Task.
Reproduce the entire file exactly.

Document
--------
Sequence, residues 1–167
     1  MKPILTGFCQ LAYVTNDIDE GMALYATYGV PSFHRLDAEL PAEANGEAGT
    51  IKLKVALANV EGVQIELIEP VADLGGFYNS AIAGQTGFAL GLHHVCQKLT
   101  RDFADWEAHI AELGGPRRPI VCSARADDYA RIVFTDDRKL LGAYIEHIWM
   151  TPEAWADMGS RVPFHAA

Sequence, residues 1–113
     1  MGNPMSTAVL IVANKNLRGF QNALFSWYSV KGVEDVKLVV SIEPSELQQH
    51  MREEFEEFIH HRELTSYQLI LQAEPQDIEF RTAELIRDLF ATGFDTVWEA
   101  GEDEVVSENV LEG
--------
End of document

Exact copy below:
Sequence, residues 1–167
     1  MKPILTGFCQ LAYVTNDIDE GMALYATYGV PSFHRLDAEL PAEANGEAGT
    51  IKLKVALANV EGVQIELIEP VADLGGFYNS AIAGQTGFAL GLHHVCQKLT
   101  RDFADWEAHI AELGGPRRPI VCSARADDYA RIVFTDDRKL LGAYIEHIWM
   151  TPEAWADMGS RVPFHAA

Sequence, residues 1–113
     1  MGNPMSTAVL IVANKNLRGF QNALFSWYSV KGVEDVKLVV SIEPSELQQH
    51  MREEFEEFIH HRELTSYQLI LQAEPQDIEF RTAELIRDLF ATGFDTVWEA
   101  GEDEVVSENV LEG